The Point

The Point: Germans and Gender


John Stonestreet

Gender verboten?

Gender equality is a big deal in Germany. But according to USA Today, German activists face a major roadblock in their attempts to minimize gender distinctions: the roadblock is the German language.

Unlike English, every German noun comes with a gender. Even occupation words such as “doctor,” “teacher,” or “student” come with a version for males, another for females.

Thus, German feminists complain that the German language is “sexist” in nature and the narrow use of female occupational nouns limits opportunities for women.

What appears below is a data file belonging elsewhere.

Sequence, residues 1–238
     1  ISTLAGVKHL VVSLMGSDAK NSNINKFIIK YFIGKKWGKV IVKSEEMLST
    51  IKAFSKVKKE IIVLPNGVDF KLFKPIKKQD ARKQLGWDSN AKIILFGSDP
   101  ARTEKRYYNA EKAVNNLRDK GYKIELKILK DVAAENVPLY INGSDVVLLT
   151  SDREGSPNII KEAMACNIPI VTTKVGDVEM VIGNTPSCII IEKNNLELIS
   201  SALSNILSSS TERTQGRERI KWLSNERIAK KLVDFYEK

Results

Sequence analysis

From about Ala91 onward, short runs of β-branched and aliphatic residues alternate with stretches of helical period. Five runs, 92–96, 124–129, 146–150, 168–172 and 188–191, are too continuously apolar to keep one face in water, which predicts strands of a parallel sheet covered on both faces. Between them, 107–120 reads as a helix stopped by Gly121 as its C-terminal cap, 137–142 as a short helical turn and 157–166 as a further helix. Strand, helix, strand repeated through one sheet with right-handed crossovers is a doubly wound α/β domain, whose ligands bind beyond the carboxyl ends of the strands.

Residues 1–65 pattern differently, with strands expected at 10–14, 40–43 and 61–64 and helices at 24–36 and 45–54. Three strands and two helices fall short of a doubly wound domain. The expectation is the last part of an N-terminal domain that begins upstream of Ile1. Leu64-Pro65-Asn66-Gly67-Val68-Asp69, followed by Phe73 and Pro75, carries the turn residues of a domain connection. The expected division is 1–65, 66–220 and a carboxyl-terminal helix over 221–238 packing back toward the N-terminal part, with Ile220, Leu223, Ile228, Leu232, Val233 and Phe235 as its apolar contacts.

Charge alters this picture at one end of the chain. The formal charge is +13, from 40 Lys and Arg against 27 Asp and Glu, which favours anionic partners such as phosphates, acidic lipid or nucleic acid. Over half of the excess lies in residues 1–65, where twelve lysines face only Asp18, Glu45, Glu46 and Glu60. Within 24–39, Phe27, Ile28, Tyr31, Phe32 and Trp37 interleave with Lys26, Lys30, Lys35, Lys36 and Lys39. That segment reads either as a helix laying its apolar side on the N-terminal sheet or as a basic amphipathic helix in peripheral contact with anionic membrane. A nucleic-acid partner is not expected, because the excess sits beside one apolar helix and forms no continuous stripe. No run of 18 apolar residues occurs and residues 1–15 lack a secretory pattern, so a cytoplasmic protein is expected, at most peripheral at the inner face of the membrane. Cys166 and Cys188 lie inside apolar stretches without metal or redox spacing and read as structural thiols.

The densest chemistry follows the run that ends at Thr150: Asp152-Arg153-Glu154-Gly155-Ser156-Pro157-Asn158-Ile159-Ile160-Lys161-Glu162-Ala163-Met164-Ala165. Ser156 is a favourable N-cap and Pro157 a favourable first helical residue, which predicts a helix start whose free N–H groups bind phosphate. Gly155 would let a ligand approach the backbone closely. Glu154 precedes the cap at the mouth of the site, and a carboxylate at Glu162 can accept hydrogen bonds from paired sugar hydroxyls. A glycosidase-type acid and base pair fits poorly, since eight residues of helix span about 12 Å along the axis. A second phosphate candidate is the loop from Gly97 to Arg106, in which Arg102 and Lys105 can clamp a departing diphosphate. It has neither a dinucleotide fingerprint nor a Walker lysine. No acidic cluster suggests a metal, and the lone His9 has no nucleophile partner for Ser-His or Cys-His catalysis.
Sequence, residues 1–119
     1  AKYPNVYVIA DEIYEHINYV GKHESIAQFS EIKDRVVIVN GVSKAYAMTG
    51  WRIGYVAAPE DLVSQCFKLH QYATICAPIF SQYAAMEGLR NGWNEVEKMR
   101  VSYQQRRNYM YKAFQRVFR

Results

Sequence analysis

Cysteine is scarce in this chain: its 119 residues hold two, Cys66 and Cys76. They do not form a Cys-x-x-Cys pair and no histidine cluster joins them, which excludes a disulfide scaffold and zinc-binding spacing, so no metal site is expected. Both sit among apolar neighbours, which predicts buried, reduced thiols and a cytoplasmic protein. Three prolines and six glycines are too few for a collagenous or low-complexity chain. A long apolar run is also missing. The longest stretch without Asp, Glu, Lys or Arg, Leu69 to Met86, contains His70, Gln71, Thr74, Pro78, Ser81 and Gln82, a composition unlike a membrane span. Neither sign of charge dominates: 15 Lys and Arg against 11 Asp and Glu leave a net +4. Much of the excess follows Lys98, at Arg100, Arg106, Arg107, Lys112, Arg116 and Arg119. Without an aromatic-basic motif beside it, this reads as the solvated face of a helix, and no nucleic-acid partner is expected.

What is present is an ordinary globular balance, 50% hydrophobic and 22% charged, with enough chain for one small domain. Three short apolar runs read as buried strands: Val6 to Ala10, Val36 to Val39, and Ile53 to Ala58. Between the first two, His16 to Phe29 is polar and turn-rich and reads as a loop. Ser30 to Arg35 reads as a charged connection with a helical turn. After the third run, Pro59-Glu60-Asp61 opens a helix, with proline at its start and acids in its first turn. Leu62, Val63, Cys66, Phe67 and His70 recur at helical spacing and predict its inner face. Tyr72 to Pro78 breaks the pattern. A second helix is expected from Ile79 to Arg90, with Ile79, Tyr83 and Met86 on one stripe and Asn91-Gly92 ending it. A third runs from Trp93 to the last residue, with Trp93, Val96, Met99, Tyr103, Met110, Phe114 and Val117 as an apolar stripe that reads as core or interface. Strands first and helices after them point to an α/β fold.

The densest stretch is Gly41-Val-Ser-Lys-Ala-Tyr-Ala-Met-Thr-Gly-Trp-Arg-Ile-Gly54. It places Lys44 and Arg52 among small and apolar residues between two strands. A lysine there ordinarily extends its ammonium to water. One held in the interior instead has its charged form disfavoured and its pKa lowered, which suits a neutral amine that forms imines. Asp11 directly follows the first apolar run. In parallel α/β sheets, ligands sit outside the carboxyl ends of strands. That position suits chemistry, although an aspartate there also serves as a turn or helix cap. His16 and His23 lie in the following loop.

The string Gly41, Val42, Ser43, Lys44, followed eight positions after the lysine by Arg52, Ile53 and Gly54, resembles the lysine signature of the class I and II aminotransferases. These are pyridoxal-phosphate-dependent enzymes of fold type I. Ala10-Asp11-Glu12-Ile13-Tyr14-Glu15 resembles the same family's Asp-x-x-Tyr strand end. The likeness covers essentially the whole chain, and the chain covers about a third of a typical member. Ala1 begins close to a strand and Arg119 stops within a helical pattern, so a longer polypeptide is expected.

So far gender equality activists are getting nowhere. The ruling body that controls German grammar and spelling won’t even take up the issue. One professor at an American university says that Germans “don’t seem to be very conscious” of the connection between language and sexist behavior.

Or, maybe gender equality activists aren’t conscious of the connection between language and reality—the reality of gender as part of God’s design in creation, and the language we use to describe it.


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